Presentation on theme: "Computational challenges Sean Eddy HHMI Janelia Farm Research Campus."— Presentation transcript:
Computational challenges Sean Eddy HHMI Janelia Farm Research Campus
My charge 2008: 2 Tb 2009: 32 Tb 2010: 150 Tb 2011: 165 Tb How will we keep up with this? maintaining/annotating quality storage communication (network bandwidth) analysis (including software and databases) integration
Ewan Birney Michael Brent Jeremy Buhler Goran Ceric Barak Cohen Richard Durbin Jonathan Eisen Rob Finn Paul Gardner Ian Holmes Scott Hunicke-Smith Rob Knight David Konerding Saul Kravitz Anthony Leonardo Rob Mitra Ryan Richt Jason Stajich Lincoln Stein Granger Sutton George Weinstock Rick Wilson Dan Meiron Dept. of Applied & Computational Mathematics and Aeronautics, Caltech Steven Brenner UC Berkeley David Dooling WashU Genome Center Vivien Bonazzi and Adam Felsenfeld NIH NHGRI http://cryptogenomicon.org
FY09 NHGRI: $488M about 40M databases about 60M informatics FY09 NIH: $29,000M HHMI: $760M Janelia Farm alone: $120M Informatics challenges affect all biomedical research NHGRI lacks resources to solve these problems alone First planning priority is dealing with NHGRI’s own data well At the same time: lead and catalyze -- show others how to do it; best practices work together -- NCBI, EBI, NCI, others share our problems. CERN: $1000M SLAC: $300M LSST: $45M (start 2015)
Data volume per se is not the problem.
250 TB 12 TB GIG Data Capacity (Services, Transport & Storage) UUVs Sensor Data Volume 2000 Today 2010 2015 & Beyond PREDATOR UAV VIDEO GLOBAL HAWK DATA Future Sensor X Future Sensor Y Large Data JCTD Future Sensor Z Theater Data Stream (2006): ~270 TB of NTM data / year Example: One Theater’s Storage Capacity: 2006 2010 10 18 10 12 10 24 Yottabytes Exabytes Terabytes 10 15 Petabytes 10 21 Zettabytes FIRESCOUT VTUAV DATA Capability Gap Bob Gourley http://ctovision.typepad.com/InfoSharingTechnologyFutures.ppt
Moore’s law: CPU power doubles in ~18-24 mo. Hard drive capacity doubles in ~12 mo. Network bandwidth doubles in ~20 mo.
Fundamental computing capabilities should increase: 7-10x in 5 years 50-100x in 10 years We project in 3-5 years: 100x increase in sequencing volume Therefore: yes, next-gen sequencing tech bumps us up; and we can’t just sit on our hands; but we only have to be a little more clever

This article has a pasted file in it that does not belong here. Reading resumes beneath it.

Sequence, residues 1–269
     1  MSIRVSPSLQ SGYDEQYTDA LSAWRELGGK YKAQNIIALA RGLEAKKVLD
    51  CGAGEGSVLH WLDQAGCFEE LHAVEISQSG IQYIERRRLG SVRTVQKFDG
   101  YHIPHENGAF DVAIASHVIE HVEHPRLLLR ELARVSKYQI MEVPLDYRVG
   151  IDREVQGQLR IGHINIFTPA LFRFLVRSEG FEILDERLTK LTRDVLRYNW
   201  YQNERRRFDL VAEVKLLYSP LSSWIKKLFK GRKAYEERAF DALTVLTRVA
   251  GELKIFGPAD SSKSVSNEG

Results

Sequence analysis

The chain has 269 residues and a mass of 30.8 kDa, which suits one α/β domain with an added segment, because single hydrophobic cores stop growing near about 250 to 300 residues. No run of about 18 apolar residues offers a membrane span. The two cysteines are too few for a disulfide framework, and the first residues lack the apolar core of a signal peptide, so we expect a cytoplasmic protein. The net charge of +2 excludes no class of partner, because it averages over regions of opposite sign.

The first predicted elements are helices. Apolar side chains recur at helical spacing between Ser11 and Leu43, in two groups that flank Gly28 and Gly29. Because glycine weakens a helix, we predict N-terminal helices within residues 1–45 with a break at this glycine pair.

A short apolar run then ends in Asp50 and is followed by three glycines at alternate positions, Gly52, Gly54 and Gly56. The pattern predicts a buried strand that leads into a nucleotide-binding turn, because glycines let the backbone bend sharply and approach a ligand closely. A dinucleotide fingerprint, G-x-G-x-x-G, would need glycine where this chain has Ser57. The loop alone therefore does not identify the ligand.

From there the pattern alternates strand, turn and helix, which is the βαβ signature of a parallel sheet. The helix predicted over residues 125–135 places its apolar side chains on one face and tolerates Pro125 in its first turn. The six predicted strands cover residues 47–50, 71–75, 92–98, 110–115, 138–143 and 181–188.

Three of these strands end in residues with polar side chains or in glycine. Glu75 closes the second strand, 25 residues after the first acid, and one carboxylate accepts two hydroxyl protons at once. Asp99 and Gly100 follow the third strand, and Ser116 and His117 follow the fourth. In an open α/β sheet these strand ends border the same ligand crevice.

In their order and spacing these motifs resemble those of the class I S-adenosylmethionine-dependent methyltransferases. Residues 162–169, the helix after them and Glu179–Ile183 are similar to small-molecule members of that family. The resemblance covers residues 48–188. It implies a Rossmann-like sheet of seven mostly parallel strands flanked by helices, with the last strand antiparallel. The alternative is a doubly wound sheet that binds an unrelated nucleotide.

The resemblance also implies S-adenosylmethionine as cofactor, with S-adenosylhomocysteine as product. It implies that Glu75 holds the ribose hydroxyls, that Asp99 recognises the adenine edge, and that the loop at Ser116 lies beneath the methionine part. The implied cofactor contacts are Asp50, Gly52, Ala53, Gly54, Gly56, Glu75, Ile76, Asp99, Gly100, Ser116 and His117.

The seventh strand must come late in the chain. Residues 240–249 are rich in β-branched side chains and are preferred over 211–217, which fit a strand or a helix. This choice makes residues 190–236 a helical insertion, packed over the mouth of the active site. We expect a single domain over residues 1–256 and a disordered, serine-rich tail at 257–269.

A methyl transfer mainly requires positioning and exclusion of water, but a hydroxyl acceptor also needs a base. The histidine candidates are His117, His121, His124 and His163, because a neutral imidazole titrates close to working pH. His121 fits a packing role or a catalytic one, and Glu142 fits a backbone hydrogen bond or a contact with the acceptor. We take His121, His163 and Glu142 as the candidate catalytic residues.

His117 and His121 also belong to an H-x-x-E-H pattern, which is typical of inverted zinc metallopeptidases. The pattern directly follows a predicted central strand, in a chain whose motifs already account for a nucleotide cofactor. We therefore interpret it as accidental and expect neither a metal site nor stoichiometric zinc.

Fortunately, we are not alone.
For example: Microsoft is constructing a new $500M data center in Chicago. Four new electrical substations totalling 168 MW power. About 200 40’ truckable containers, each containing ~1000-2000 servers. Estimated 200K-400K servers total. Comparisons to Google, Microsoft, etc. aren’t entirely appropriate; scale of their budgets vs. ours aren’t comparable. Google FY2007: 11.5B; ~ $1B to computing hardware Though they do give us early warning of coming trends: (container data centers; cloud computing) Private sector datasets and computing capacity are already huge. Google, Yahoo!, Microsoft: probably ~100 PB or so Ebay, Facebook, Walmart: probably ~10 PB or so
CERN Large Hadron Collider (LHC) ~10 PB/year at start ~1000 PB in ~10 years 2500 physicists collaborating http://www.cern.ch
Pan-STARRS (Haleakala, Hawaii) US Air Force now: 800 TB/year soon: 4 PB/year Large Synoptic Survey Telescope (LSST) NSF, DOE, and private donors ~5-10 PB/year at start in 2012 ~100 PB by 2025 http://www.lsst.orghttp://www.lsst.org; http://pan-starrs.ifa.hawaii.edu/public/
1. Petabyte data volumes are manageable using commodity tech Pan STARRS: 80 “data bricks”, RAID-6; 3 PB for ~$1M
2. Just because you can store raw data doesn’t mean you should data filtering at the source and at every stop along the way using strategy appropriate to a particular experiment/analysis CERN LHC Atlas detector generates 10 5 more data than is stored (40 million events/sec 200/sec stored)
3. Distributed, hierarchical, redundant data archives and analysis (CERN LHC’s four tiers of data centers: 10 Tier 1 sites, 30 Tier 2 sites) 4. Computational infrastructure is integral to experimental design
Hardware technology is important, but is not where we are stressed. Our single most important problem is the democratization of sequence analysis. Biology has become an informatics- and data-heavy science, but we lack a culture that supports pervasive computational analysis Our weak links are computational infrastructure and the training and expertise of bench scientists.
one genome cloning, mapping, sequencing assembly genome center international DNA databases The good old days:
PI’s lab genome centers ENCODE centers, CEGS departmental core sequencers international databases genome browsers model organism databases boutique databases supplementary material reference genome assemblies comparative sequence transcript sequence ChIP-seq, CLIP-seq resequencing (mutants, variants) phenotype data 1.Evolving toward a tiered structure (like physics/astronomy) 2. Must integrate lots of different data (unlike physics/astronomy)
A return to a paper as a unit of advance, not a genome The output of genome sequencing and assembly is simple, modular, and well-understood, including the associated quality metrics This meant we could shoot pre-publication data into the databases and it was useful Now that next-gen sequencing is a multipurposed digital assay tool: Details of methods, experimental design, and analysis all matter again we’ve been calling this information “metadata”, as if it were merely a db format issue to solve with XML; it is not. it’s the information in a properly written paper.
For an individual PI’s lab to generate reliable/reusable datasets, integrate them with other datasets, conduct large-scale computational analyses, and write great papers, with results that can in turn be integrated with others; Those individual labs need good software for mapping/assembling sequence access to reliable, modular, well-annotated datasets good software for integrated data analysis efficient means of sharing/distributing their datasets Democratization means: